Why does Coca-Cola sponsor science organizations?

By Natalia Rebolledo Fuentealba

An article published in the Journal of Epidemiology & Community Health (JECH) recently exposed strategies that The Coca-Cola Company used to change the conversation about obesity and avoid “extreme solutions” to this public health problem. By extreme solutions, they referred to government regulations such as food and beverage taxes or bans on unhealthy foods.

In 2014, Coca-Cola created the Global Energy Balance Network (GEBN). GEBN was an US nonprofit organization with the purpose of  spreading awareness about obesity and focused on the role of “energy balance”, an equilibrium between energy intake and energy expenditure. However, on November of 2015, GEBN discontinued their operations after The New York Times published an article exposing a $1.5 million donation made by Coca-Cola to kickstart this organization.

Information obtained in 2016 by US Right to Know showed that Coca-Cola  implemented 3 different strategies in GEBN:

  1. Advance “energy balance” as the right framework to deal with obesity: They tried to use GEBN to change the conversation about the causes of obesity, focusing on energy balance instead of how much food or beverages people consume.
  2. Establish independence between Coca-Cola and GEBN: They proposed that GEBN would be independent of Coca-Cola interests, but based on the information provided in the JECH article, GEBN was not independent.
  3. Convince key informants that “energy balance” is the right framework to address obesity: They used advocacy campaigns to target 5 relevant groups; policy makers, healthcare professionals, health and wellness journalists, global organizations, and the general public.

Even in 2015, with GEBN out of the picture, Coca-Cola continued to fund research. An article published this year in Public Health Nutrition showed that between January 1st of 2010 and June 30 of 2016, Coca-Cola awarded 1242 sponsorships to different organizations and institutions. Strikingly, the main research topic of a large number of the publications funded by Coca-Cola and Mars were on topics of physical activity and nutrition.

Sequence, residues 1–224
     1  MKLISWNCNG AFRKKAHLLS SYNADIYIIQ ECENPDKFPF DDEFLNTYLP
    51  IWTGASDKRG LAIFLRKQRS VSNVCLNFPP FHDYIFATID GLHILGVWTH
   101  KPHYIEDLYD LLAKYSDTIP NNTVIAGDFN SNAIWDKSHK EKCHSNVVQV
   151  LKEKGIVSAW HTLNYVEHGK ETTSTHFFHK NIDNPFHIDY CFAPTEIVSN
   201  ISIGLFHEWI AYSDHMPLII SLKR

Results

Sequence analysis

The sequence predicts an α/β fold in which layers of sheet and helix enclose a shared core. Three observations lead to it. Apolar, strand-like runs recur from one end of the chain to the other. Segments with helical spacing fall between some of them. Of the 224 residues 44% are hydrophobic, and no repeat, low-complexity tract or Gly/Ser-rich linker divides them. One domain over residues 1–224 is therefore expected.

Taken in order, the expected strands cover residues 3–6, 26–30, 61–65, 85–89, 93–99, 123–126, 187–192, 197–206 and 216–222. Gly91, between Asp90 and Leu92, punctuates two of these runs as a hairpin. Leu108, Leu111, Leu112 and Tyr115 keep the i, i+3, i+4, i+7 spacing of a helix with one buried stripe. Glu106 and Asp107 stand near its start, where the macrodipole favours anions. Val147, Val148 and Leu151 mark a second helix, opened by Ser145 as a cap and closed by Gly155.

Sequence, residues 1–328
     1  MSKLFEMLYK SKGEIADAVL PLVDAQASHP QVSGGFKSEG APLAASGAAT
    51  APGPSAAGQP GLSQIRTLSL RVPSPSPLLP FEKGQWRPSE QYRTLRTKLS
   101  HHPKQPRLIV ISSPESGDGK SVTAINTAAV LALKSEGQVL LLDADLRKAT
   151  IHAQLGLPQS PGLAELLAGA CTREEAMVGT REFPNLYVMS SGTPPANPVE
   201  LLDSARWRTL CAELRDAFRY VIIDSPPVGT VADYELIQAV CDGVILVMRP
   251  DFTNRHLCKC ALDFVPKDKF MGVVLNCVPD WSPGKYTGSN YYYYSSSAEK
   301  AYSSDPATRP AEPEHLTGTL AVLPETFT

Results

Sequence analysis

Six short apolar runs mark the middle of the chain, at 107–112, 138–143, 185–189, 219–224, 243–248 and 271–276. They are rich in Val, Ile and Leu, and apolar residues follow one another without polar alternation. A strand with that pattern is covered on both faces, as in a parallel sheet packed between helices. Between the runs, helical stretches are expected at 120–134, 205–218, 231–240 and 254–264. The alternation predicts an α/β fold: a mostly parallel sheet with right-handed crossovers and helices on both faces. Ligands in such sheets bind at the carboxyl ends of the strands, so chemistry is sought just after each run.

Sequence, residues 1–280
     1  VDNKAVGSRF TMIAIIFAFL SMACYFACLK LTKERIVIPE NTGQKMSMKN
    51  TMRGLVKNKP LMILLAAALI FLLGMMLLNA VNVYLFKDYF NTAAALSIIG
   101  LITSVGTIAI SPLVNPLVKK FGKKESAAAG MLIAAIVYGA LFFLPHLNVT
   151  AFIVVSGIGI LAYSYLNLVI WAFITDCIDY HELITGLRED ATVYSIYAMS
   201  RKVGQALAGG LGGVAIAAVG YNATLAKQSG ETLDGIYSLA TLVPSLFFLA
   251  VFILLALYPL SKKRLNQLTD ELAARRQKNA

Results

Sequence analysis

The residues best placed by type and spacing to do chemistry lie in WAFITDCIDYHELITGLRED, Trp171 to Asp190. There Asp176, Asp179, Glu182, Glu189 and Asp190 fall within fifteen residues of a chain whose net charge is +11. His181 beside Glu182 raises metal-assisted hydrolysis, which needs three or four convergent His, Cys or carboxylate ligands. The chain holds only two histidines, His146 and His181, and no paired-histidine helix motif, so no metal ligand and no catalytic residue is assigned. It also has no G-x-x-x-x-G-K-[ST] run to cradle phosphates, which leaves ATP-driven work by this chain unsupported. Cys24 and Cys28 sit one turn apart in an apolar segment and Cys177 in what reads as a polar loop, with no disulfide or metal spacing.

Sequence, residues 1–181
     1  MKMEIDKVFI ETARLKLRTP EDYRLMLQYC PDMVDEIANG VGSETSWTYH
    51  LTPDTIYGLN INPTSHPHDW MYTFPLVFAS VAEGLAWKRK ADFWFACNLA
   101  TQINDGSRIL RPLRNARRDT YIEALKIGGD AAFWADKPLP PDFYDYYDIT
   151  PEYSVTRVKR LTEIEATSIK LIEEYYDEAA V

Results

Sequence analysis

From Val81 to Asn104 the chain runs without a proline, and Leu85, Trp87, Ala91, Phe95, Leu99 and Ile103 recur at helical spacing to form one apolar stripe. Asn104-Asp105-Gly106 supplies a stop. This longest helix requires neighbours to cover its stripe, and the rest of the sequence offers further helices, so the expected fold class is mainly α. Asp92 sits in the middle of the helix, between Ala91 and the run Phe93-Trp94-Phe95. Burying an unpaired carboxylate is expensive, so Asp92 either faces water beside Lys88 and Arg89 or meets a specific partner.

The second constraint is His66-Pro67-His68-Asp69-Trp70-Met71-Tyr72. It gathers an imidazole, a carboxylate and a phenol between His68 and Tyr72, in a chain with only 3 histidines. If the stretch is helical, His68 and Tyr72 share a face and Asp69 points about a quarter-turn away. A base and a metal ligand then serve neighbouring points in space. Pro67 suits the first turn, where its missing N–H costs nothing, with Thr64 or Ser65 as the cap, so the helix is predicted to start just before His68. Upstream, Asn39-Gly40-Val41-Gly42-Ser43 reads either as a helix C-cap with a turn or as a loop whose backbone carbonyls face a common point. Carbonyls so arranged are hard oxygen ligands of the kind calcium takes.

Despite all the public health efforts, obesity continues to increase around the world, and dietary risks and high body mass index are part of the top 5 risk factors of death according to The US Burden of Disease Collaborators. With the piling evidence for why Coca-Cola is funding research, it is inevitable to compare it with the involvement of the tobacco industry in scientific investigations.

The tobacco industry made several shifts to their business model after increasing public and governmental pressure, and it seems likely that certain food companies will follow a similar path. In the last 5 years, there have been major shifts in food industry regulations across the globe. In an effort to decrease obesity prevalence, different countries have implemented taxes on sugar-sweetened beverages and foods with high density of calories from sugar or fat: what we typically regard as junk food. Additionally, countries like Chile and Peru are implementing more restrictive regulations; on 2016, Chile implemented national policies to regulate child-directed marketing, and added front-of-the-package (FOP) warning labels on foods and beverages high in added saturated fats, total sugar, sodium and energy. In Peru, a regulation was approved that adds FOP on foods with high levels of sugar, saturated fat, sodium, and foods that contains trans-fat. It is unclear if these policies are effective, but evaluations that measure their impact are still in process.

 

Peer edited by Anandita Pal and Michael Essman

 

One thought on “Why does Coca-Cola sponsor science organizations?

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  1. Coke’s ‘energy balance’ framework is clearly focused on increasing energy expenditure, that’s the reason they support and sponsor athletes and sporting activities. I’m guessing the intended message is that no matter how many calories you consume you can burn them all with enough exercise (Calories in-Calories out approach).
    If this ‘energy balance’ framework was more focused on reducing energy intake rather than increasing expenditure, would it be the right one to address obesity? If not, what would be?

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